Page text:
Coupling Incentives to Tuition Caps: A new path toward affordability?

Postsecondary & Workforce

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The sun is shining; the birds are chirping – it’s the season for high school graduation. Congratulations to the class of 2017! As students move their mortarboard tassel from right to left, they’re likely looking toward the future – a college degree. But with that prospect comes the rising cost of postsecondary attendance. When the class of 2017 was born 18 years ago, the average tuition and fees at a public four-year institution were $4,788 (in 2016 dollars). For the 2016 – 2017 year, that number soared to $9,648. This 102 percent increase in tuition and fees outpaces the growth of every other industry, even  healthcare. 

Why are tuition costs rising so rapidly? Some disagreement exists about the causes of tuition increases and the reasons vary from state to state and from institution to institution. Findings from a 2016 NBER study by Grey Gordon and Aaron Hedlund suggest that expanded student loan borrowing limits are the largest driving force for the increase in tuition between 1987 and 2010. A 2014 report from Education Commission of the States explains that tuition discounting – the practice of institutions lowering the price for certain students but not for others – in public colleges and universities is also a driving force behind rising sticker prices. The National Conference of State Legislatures attributes rising tuition and fees to changes in an institution’s cost structure – the instruction, research, administration, student services, public service, and plant operation and maintenance. Regardless, tuition and fees continue to rise across the country. To combat this trend, many states have and continue to implement policies to limit tuition growth.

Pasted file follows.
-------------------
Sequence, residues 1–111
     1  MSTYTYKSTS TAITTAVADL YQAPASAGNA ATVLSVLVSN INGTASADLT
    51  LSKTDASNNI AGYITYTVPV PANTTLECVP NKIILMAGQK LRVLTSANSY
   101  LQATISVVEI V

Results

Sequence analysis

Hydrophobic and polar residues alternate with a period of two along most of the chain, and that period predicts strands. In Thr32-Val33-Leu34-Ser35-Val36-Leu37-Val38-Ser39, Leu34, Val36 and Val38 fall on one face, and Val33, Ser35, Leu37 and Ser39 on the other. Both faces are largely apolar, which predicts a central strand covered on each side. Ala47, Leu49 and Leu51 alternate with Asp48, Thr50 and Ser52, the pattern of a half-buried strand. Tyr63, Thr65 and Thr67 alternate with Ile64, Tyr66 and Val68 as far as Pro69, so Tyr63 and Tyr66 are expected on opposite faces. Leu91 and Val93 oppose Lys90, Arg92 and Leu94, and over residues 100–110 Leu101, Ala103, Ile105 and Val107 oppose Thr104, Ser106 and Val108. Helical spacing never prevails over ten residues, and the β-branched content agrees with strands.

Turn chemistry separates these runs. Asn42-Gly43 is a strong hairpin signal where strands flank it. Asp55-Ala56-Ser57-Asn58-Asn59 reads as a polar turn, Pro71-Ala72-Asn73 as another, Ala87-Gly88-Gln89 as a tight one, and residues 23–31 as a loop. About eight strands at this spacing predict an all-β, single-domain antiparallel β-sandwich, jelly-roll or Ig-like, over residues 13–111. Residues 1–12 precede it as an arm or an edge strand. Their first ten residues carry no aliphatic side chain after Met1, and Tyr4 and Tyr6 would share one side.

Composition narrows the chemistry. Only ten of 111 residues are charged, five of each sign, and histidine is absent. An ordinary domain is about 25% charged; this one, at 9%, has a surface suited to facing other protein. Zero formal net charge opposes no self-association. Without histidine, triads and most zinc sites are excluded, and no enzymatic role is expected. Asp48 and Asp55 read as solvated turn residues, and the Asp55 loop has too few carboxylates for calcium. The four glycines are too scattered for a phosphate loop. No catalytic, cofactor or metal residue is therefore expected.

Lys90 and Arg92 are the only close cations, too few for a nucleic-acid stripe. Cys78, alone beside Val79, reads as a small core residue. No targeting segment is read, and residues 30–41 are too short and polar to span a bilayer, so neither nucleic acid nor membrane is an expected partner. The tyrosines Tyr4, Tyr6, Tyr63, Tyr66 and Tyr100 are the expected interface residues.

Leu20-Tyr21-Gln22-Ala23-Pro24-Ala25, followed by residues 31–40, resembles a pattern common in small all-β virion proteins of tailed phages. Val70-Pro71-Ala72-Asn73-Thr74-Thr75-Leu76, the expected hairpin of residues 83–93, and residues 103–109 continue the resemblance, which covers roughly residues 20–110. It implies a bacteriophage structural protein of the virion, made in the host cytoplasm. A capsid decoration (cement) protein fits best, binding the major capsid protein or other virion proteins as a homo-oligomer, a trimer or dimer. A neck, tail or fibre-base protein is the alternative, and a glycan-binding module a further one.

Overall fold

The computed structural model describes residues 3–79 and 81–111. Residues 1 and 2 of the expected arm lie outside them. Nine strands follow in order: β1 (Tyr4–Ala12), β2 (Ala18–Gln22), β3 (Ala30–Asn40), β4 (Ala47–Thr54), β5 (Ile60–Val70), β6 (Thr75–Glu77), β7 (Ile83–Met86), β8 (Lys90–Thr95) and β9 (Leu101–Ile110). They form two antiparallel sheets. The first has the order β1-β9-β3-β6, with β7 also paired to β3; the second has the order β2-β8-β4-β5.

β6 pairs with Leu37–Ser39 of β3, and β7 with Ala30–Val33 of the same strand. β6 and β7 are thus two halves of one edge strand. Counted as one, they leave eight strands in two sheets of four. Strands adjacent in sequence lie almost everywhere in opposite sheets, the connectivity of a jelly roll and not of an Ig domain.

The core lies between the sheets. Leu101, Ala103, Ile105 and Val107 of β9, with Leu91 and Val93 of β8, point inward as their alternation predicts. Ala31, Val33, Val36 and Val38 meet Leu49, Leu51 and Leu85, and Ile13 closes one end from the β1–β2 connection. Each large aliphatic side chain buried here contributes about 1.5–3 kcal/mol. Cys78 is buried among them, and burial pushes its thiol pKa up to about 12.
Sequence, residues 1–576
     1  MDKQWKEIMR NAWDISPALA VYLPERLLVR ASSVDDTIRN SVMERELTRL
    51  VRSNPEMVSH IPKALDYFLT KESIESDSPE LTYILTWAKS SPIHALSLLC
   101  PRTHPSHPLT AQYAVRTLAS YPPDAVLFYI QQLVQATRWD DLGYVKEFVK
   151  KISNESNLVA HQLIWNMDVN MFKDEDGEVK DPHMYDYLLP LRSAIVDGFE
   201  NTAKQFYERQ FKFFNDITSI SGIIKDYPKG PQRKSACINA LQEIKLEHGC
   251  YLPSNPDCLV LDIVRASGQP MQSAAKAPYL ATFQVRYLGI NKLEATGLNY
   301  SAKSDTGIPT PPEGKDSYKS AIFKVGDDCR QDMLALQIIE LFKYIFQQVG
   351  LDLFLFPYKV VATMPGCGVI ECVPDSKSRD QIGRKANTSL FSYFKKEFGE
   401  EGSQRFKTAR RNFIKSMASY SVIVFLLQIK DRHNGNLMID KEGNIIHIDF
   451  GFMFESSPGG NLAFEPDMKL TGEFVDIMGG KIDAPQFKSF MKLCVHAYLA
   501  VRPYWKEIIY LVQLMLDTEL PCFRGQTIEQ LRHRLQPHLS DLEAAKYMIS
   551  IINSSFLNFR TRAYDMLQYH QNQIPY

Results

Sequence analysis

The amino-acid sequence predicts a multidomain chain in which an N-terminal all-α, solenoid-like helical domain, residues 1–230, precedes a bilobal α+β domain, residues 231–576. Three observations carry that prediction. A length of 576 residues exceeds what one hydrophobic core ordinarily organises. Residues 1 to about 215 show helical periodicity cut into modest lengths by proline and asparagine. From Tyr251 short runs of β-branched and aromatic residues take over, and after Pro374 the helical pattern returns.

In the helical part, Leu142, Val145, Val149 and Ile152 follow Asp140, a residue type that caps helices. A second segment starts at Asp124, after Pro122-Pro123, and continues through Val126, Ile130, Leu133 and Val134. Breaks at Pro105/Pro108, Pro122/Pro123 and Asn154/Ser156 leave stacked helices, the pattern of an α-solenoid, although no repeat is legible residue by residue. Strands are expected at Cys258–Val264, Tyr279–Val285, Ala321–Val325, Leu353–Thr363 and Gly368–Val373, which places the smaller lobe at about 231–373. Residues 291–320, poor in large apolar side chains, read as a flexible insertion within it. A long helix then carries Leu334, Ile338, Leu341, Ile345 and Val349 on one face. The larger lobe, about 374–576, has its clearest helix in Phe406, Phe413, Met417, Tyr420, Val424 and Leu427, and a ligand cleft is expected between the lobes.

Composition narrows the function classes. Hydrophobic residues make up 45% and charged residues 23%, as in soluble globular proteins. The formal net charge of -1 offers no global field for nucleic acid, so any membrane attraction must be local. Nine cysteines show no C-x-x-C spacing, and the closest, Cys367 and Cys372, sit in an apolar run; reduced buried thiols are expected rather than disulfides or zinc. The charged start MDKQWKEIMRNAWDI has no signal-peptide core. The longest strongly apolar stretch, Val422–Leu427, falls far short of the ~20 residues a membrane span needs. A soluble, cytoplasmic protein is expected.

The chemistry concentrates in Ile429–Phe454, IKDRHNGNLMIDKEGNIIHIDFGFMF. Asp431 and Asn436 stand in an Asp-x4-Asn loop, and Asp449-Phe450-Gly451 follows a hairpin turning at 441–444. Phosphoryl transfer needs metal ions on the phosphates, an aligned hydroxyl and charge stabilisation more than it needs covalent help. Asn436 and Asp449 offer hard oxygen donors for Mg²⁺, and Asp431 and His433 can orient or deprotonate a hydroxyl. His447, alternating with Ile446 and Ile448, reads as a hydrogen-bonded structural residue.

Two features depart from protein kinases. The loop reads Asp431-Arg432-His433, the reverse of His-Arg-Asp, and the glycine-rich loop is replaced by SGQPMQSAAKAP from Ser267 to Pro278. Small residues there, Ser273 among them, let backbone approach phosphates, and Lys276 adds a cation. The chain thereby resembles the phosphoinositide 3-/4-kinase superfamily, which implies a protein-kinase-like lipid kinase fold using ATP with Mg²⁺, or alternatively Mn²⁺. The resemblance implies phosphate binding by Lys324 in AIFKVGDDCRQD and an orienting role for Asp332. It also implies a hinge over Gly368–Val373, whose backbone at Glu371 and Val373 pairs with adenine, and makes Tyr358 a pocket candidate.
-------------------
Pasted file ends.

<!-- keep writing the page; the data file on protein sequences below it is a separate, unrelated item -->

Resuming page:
One such strategy is a tuition cap. Tuition caps can slow the growth in tuition by limiting the amount by which an institution can increase tuition from year to year. These caps can either be a flat dollar amount or a percentage increase over time. One important caveat on tuition caps is that they limit only the tuition and mandatory fees. Most policies do not limit the growth in other fees, room and board, books, supplies, etc., which creates a backdoor for tuition hikes through other revenue sources. In the current legislative session, Minnesota and Virginia are considering limiting tuition growth through a tuition cap.

Minnesota’s HF 2594 is a tuition freeze in exchange for additional funding for state grants and student tuition relief. If this bill passes, undergraduate tuition rates at colleges and universities cannot exceed the 2016-2017 academic year rates for the next two academic years. The bill was introduced in April and referred to the House Committee on Higher Education and Career Readiness Policy and Finance.

Additionally, Virginia’s SB 1565 limits the percentage increase for in-state tuition and fees for undergraduate students at Virginia’s public institutions to the mandated salary percentage increase for state employees. By tagging the allowable increase in tuition and fees to that of public employees’ salaries, the sponsors aim to curb tuition growth. This bill has been heard in the Senate Finance Committee and the Senate Committee on Education and Health and passed out of both committees.

Both Minnesota and Virginia’s proposed tuition limits couple a tuition cap with an incentive – in Minnesota, it is coupled with funding increases for state aid and in Virginia, the cap is coupled with salary increases for state employees. While flat tuition caps can be arbitrary, coupling tuition caps with increased state support can provide tuition predictability for students and families. Lower sticker prices and expected tuition increases can provide predictability and consistency, which is a crucial step toward ensuring that students have a clear, affordable path to quality postsecondary credentials.  

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